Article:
After working for a while as a freelancer, there were projects that came up that I could do but I wasn't very excited about them. They involved companies that were too corporate for my flavor of design. But that's the name of the game sometimes. Doing work to pay the bills is going to happen but it isn't satisfying. When the fun projects come along they are often rare and very quick to wrap up. Much like watching fireworks for five minutes. As the skill list grew, I noticed those firework projects were coming in even less than before.
I recently attended an AIGA event at a local branding/screen printing company and art gallery BLDG. They have a flavor for urban street art and present themselves as more of a boutique of branding and design. They don't offer anything web related, do wall murals around town, and they aren't a one-stop-shop for work because they don't want to be one. Their concept blew my mind! With a staff of less than a dozen people, they had a successful shop with amazing work that you could see the love behind. I decided to take their approach and apply it to my company. I've decided to narrow down what I offer so I can find a better niche for myself and the strengths of my skills and be able to do more of what I love.
First I had to figure out what those where. So I decided to make some lists. I love lists. My first list was all the skills I had, things I have done, things I was confident doing, things that were easy to do for me. This is my list of Can Do's:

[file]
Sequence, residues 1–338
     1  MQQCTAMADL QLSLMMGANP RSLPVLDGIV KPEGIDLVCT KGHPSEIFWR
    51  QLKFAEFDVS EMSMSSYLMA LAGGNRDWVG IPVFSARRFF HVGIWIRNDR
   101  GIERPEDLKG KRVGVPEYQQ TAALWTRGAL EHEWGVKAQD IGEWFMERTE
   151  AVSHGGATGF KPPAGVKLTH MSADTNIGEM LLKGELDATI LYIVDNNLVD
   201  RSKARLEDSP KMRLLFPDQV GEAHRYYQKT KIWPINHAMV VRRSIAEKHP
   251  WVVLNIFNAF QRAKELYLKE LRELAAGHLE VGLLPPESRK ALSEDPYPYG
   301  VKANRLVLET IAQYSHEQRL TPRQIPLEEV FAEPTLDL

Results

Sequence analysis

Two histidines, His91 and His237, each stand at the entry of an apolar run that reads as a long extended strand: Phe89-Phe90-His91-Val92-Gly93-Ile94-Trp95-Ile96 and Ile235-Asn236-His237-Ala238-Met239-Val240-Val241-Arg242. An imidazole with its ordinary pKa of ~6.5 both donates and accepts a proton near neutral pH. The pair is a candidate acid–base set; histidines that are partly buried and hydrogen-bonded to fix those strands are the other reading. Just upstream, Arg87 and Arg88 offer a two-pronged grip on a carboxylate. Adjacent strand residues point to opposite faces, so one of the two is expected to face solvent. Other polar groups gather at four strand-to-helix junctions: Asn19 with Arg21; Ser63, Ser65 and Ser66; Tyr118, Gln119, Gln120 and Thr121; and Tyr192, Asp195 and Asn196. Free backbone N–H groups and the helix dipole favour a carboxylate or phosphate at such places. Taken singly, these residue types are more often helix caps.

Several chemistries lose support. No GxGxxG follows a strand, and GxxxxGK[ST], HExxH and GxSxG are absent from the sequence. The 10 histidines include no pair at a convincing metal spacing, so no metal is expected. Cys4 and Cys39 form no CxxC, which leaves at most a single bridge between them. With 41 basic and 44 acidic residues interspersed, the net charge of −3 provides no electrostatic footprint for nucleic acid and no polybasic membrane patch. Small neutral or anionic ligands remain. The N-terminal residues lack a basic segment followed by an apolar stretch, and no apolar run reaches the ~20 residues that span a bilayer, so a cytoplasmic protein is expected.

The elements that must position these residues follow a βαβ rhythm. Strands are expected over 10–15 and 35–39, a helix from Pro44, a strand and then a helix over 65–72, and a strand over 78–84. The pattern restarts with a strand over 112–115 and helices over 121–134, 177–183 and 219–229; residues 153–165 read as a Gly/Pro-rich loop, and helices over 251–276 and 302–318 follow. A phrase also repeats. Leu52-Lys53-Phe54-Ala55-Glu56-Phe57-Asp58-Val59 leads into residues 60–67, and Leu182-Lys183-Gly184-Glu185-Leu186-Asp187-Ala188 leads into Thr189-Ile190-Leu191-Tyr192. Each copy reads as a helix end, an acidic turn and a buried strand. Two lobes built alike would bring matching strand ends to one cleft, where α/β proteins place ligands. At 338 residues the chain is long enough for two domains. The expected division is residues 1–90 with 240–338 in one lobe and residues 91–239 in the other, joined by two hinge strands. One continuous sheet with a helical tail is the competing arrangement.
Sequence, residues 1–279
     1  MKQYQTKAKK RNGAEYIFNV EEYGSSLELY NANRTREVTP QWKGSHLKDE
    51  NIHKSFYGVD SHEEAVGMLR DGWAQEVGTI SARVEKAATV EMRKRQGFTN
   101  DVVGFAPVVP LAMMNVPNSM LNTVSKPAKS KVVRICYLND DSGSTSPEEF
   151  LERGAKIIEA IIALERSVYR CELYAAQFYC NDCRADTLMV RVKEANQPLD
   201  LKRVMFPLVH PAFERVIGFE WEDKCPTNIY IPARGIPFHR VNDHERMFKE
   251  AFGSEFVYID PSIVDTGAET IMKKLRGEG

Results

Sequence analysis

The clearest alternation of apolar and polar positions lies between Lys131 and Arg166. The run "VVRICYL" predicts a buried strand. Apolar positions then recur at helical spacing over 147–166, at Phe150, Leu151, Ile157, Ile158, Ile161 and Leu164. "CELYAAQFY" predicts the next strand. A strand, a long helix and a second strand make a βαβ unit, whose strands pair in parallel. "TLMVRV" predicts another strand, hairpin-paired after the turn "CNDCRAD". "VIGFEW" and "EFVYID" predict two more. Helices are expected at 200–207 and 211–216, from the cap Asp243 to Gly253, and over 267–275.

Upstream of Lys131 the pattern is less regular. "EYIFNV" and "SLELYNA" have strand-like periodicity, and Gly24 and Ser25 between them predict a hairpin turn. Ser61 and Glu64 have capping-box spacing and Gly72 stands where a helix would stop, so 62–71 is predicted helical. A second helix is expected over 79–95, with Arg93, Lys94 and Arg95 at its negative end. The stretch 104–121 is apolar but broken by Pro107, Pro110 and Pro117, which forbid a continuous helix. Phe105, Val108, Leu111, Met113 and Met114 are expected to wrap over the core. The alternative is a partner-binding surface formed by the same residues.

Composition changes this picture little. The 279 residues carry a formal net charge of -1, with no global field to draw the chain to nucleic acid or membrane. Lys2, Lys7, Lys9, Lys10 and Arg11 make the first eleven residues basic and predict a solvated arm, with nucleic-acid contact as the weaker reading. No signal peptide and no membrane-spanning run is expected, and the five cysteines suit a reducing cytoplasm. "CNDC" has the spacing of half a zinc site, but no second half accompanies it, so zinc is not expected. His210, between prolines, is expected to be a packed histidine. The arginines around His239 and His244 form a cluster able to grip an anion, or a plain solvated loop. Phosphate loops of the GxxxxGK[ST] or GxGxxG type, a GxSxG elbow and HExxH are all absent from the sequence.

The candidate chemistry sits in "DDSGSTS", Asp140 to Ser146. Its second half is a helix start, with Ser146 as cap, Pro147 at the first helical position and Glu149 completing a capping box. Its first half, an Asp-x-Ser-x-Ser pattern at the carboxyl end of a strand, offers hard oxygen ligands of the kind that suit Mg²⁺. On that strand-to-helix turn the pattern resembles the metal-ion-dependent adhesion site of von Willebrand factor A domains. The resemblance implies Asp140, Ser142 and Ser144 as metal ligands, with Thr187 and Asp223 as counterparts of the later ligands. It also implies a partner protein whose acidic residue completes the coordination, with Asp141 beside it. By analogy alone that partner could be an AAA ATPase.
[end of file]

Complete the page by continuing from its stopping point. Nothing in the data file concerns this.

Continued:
It's a pretty long list of things. Aside from all under the blanket of design, there is no focus to anything. The amount of items surprised me after I wrote everything down.
Next was the list of things I loved to do. Using the first list as a starting point, I picked out the items that I loved to do. These were the elements that I get excited about and I know I excel at. Here is my list of Love to Do's:
A much shorter list for sure. I started to see a pattern here of things I enjoyed doing the most. There is a lot of visual items, such as cartoons, logos, icons, and illustration. These are at the core of my passions. It was great to see that and allow me to focus on presenting myself more in this direction rather than with everything else I could do.
Now that I covered the love part, time for the hate part. This list includes items from my Can Do section and also includes things clients have asked me to do in the past. These also include skills that I can do but not well enough to say I can. I don't offer some of these items openly, as I don't feel confident in my abilities. Here are my Hate to Do's:
A much shorter list this time. It also displays for me what I want to avoid doing. In my case, anything related to code. I know enough X/HTML to get by, but it's a skill set that I never mastered. More importantly, after I tried to learn it I never wanted to be a master in. It just isn't my cup of tea.
Finally was my dream list. This list has items that I can do but I'm out of practice in. It also has items I want to learn and focus on as new skills to present to my clients. Here are my Want to Do's:
This list supports my Love to Do's list with things related to playful things, like toys and greeting cards.
Writing these lists provided so much clarity to where my passions are and what areas I want to step away from. It won't happen overnight, but I now have better focus on where to put my force.